Growing crops sustainably with as small an environmental footprint as possible is very important for fruit and vegetable growers. After all, they rely on the air, soil, water and climate to grow the crops that ultimately become our food.
Research has shown, for example, that more than two-thirds of Ontario fruit and vegetable growers use environmental practices such as cover crops, conservation tillage, riparian area management, and reduced pesticide use. Many fruit and vegetable farms have an active Environmental Farm Plan that helps them identify areas where improvements on their farms can be made, encouraging a higher level of environmental protection.
As well, growers are also actively participating in the Ontario Ministry of Agriculture, Food & Rural Affairs' Soil Action Group that is working on implementation of Ontario's soil strategy for long-term soil productivity.
Overall, growers are continually looking for new tools and technologies that will help make production, cleaner, greener and more cost effective.
Here are a few examples of how growers are adopting the latest strategies to fight pests and diseases in their fields, orchards, vineyards and greenhouses:
- Mating disruption. Many insect species communicate with each other using different chemical signals called pheromones. Growers use synthetically produced pheromones to confuse the insects and naturally disrupt their mating patterns, which slows or stops their ability to reproduce.
- Sterile insects. Another natural way to control pests without harmful environmental impacts is the release of sterilized male insects of specific species, which causes wild females to lay eggs that aren't viable.
- Automated insect traps. High-tech, smart traps use cameras and artificial intelligence to automatically identify and count insect pests. This provides growers with real-time information on which pests are threatening a crop and to what level so they can respond quickly to minimize or even avoid a problem altogether.
- Spore trapping. Some plant diseases travel through the air and can't be detected by growers until they're causing damage to a plant. Spore traps are used by growers as an early warning sign of diseases like blight; the microscopic spores carried through the air are caught by a spore trap, so growers can preventatively protect their crop only when and where there is a disease risk. This reduces unnecessary use of sprays and tractors travelling across fields when a crop is not at risk.
Growers are focused on increasing the energy efficiency of their farm business to reduce reliance on fossil fuels and decrease emissions. The greenhouse industry in particular is placing a heavy emphasis in this area.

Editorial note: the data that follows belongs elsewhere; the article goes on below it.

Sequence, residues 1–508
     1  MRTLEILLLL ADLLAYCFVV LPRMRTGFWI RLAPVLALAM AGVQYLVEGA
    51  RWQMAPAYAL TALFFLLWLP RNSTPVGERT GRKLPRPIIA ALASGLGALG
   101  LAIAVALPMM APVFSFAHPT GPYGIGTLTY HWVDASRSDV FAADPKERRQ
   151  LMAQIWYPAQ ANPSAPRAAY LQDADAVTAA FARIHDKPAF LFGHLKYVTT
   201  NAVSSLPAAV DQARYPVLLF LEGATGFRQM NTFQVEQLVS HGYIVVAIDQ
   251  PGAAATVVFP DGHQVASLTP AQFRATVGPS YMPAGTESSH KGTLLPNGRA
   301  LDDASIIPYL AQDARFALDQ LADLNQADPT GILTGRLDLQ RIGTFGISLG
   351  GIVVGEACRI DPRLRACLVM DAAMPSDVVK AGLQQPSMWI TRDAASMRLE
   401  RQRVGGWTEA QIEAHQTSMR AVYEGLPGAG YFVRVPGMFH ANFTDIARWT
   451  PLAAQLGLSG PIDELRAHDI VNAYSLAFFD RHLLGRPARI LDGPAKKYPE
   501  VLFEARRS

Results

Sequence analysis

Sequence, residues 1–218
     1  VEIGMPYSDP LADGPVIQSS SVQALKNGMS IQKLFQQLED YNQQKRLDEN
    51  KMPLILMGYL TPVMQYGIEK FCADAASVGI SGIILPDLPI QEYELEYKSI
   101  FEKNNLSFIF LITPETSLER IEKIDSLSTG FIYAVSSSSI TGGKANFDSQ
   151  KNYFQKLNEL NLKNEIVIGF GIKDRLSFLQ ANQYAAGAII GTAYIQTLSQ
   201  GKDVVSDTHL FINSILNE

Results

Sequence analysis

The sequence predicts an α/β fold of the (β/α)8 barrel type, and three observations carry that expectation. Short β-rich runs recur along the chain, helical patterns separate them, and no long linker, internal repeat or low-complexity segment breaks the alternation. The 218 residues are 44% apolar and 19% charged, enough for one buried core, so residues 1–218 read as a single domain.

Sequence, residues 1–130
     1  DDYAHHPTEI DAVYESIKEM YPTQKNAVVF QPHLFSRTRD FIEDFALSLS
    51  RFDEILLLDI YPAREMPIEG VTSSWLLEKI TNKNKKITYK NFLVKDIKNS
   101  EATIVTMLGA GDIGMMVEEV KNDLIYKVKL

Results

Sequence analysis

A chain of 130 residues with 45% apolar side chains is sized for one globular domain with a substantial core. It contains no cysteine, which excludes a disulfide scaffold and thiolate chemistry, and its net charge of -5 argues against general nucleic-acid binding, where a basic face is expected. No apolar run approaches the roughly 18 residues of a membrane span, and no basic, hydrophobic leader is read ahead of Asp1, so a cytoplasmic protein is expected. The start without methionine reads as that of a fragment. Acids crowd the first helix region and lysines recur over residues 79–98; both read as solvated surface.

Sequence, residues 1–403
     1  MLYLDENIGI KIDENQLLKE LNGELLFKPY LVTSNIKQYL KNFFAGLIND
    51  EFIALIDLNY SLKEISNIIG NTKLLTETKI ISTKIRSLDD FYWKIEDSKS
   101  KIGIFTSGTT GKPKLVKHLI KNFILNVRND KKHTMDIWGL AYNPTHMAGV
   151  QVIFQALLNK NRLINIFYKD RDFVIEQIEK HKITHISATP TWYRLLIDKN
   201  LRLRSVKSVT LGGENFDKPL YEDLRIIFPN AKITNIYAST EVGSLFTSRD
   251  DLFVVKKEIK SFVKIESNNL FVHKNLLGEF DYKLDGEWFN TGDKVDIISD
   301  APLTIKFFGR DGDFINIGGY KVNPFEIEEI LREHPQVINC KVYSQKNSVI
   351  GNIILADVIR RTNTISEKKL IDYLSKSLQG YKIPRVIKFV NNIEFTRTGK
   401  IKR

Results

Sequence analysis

For example, in order to ensure a steady and ideal indoor temperature in the growing area, many greenhouses use a special boiler system to heat their facilities. As carbon dixoide is expelled from the heating system, it can be captured and filtered to be used as a natural fertilizer to feed their growing plants.
Fruit and vegetable growers need water for a wide range of tasks on their farms, from watering crops to washing root vegetables like carrots before sending them to market.
In order to support ensure responsible and sustainable water use, the provincial government requires growers to have a permit to take water when they're using more than 50,000 litres of water a day for irrigation or activities like washing. This is to ensure that the environment can handle the amount of water being taken and that other users, including homes, businesses and other farms, are not negatively impacted.
To manage their water resources more sustainbly, farmers are using more efficient irrigation systems. They're also reducing the amount of water needed for washing vegetables by using de-dirters that leave more soil in the field instead of clinging to the produce, and using technologies that reduce the amount of soil that stays in the used wash water.
Packaging and recycling
Packaging is a necessary part of transporting and selling produce - it protects delicate fruits and vegetables against bruising and damage during transport, and can lengthen shelf life at retail and in the home.
Growers work with their value chain partners like marketers, distributors and retailers to make sure packaging is a sustainable as possible (more recyclable content, less packaging, biodegradable options), without compromising food safety and quality or increasing food waste.
Growers also participate in agricultural industry plastics recycling programs like those run by Clean Farms to ensure empty spray and fertilizer containers are returned for recycling.